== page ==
I’ve been closely following Arizona schools compliance with House Bill 2281, a measure that pulled Mexican-American history and literature from the curriculum and, quite literally, off the classroom shelves. Some of the big names in U.S. Latino fiction and poetry have been deemed inappropriate for young Latino students to read as part of their school work.
Like that state’s noxious and contested immigration law, the move cannot be read as anything but a blatantly anti-Latino move. Unlike SB 1070, however, this ruling doesn’t bother to disguise its prejudice with the excuse of illegal entry or unauthorized residence. No, this move simply seeks to make sure Latino students, citizen and non-citizen alike, don’t get too uppity.
Because that’s what being engaged by education does. That’s what seeing your history and heritage seriously considered and represented in academic texts does. That’s what identifying with literary protagonists who might look like you, or sound like you, or live like you, does. It makes you damn uppity and harder to disenfranchise and bamboozle.
It gives you voice.
Poet Lorna Dee Cervantes gave evidence of just that during a rally to protest the ban. It wasn’t until she read the works of U.S. Latino writers, she said, that she felt entitled to put her words on paper. She went on to become not only a university professor, but one of the best known U.S. Latina poets.
The importance of Cervantes’ example should not be underestimated. Young Latinos grow up barraged with images of themselves as nannies, housekeepers and farmworkers — not writers, intellectuals and academics. Understand, I’m not disparaging that first set of occupations — all honorable jobs requiring far more specialized skills and abilities than we commonly attribute to them — but bemoaning the lack of visibility for the second set.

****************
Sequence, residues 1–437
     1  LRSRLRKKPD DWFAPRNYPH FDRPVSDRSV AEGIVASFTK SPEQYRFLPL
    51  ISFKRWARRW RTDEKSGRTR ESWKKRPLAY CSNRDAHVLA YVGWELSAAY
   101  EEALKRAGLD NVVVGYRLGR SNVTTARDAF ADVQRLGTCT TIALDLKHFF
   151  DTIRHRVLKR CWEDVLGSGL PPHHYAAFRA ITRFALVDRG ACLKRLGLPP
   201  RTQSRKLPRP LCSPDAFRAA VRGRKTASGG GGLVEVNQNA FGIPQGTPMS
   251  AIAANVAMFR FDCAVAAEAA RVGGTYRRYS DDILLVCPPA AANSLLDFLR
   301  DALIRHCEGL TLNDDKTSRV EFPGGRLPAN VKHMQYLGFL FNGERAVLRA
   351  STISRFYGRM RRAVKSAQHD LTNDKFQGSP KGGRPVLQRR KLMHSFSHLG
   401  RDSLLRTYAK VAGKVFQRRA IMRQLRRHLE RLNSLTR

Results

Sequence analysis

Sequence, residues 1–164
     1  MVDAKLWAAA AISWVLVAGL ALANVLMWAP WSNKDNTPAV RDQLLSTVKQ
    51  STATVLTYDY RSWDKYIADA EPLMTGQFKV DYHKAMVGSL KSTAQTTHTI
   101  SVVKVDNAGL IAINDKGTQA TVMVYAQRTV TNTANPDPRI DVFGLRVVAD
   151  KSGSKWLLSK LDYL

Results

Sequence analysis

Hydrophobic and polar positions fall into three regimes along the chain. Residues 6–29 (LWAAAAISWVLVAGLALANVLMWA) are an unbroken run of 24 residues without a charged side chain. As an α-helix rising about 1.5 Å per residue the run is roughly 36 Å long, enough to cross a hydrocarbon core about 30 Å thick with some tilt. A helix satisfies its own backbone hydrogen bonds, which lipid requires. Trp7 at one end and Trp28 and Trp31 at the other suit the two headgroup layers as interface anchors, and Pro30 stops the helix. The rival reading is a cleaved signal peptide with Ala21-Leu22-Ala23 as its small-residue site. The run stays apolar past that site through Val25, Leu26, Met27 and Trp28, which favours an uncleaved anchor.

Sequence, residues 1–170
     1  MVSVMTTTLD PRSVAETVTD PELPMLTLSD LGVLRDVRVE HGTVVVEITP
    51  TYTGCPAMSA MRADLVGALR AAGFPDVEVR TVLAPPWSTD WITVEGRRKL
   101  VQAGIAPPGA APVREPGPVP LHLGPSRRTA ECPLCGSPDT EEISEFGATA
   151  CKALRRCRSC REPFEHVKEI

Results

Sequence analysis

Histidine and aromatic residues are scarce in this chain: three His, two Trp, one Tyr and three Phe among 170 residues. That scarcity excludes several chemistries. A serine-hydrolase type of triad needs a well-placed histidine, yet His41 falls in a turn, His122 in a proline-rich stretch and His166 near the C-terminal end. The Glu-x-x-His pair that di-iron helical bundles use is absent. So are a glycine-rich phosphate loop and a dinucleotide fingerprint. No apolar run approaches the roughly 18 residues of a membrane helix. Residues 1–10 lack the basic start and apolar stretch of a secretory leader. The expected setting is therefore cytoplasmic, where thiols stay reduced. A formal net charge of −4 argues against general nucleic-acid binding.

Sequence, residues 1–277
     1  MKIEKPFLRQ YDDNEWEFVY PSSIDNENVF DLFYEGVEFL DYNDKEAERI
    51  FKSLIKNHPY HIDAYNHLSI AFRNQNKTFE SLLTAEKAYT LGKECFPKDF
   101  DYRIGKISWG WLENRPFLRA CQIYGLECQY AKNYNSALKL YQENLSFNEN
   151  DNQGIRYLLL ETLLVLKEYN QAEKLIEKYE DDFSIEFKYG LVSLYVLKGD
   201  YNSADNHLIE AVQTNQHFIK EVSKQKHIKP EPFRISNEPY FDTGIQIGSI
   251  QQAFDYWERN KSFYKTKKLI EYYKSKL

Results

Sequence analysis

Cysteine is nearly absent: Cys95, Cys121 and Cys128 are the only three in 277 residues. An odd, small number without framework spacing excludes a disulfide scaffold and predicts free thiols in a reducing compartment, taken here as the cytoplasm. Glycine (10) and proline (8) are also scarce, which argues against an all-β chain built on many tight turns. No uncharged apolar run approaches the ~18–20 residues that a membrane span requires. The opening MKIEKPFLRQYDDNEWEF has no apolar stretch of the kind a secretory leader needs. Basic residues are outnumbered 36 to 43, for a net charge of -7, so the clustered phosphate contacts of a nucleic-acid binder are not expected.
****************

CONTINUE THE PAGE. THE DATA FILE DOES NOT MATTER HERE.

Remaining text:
Arizona institutionalizes that lack by banning from the classroom evidence that young Latino students can, and do, grow up to be U.S. Latino historians and writers and intellectuals who are not satisfied with rehashing Anglocentric historical analysis or literary trope.
By its decision, Arizona denies that U.S. history is big enough to include the history of its Latino citizens and of their legacy, which includes (but is not limited to) an academic, intellectual tradition that predates any other in North America. (The first university in Mexico opened a full 100 years before Harvard, the first university in the U.S., and 127 years before the first university in Canada.)
None of those students will be exposed to or discuss in class the literary merits of the novels written by “las Girlfriends” (Sandra Cisneros, Denise Chavez, Julia Alvarez and Ana Castillo), some of the nation’s brightest Latina literary stars, because the measure prohibits courses or classes that "are designed primarily for pupils of a particular ethnic group" and the school boards in places like Tucson believe none but Latinos would be interested in such literature.
It is a disaster — not only for the Latino students, but for all high school students in Arizona. Is it any wonder the Quality Counts compiled by Education Week journalists in 2012 gave Arizona a C- for its educational efforts overall and a D+ for its K-12 education?
To my dismay as a Latina writer, there hasn’t been a huge outcry about the Arizona ban, certainly nothing akin to the furor we saw when school districts tried to ban Harry Potter novels a number of years back.
But there have been some wonderful and ingenious responses. Tony Diaz, known on twitter as @librotraficante (www.librotraficante.com), put together a book caravan of the banned books, handed those books out to students and started four underground libraries. Gina Ruiz, a writer and the blogger of Banning History in Arizona (www.banninghistory.blogspot.com), promoted a YouTube “read-in” of the banned books. And almost all of the writers whose words have been excised have advocated for the ban to be overturned — in person at rallies, in print or online.
All of them, giving voice.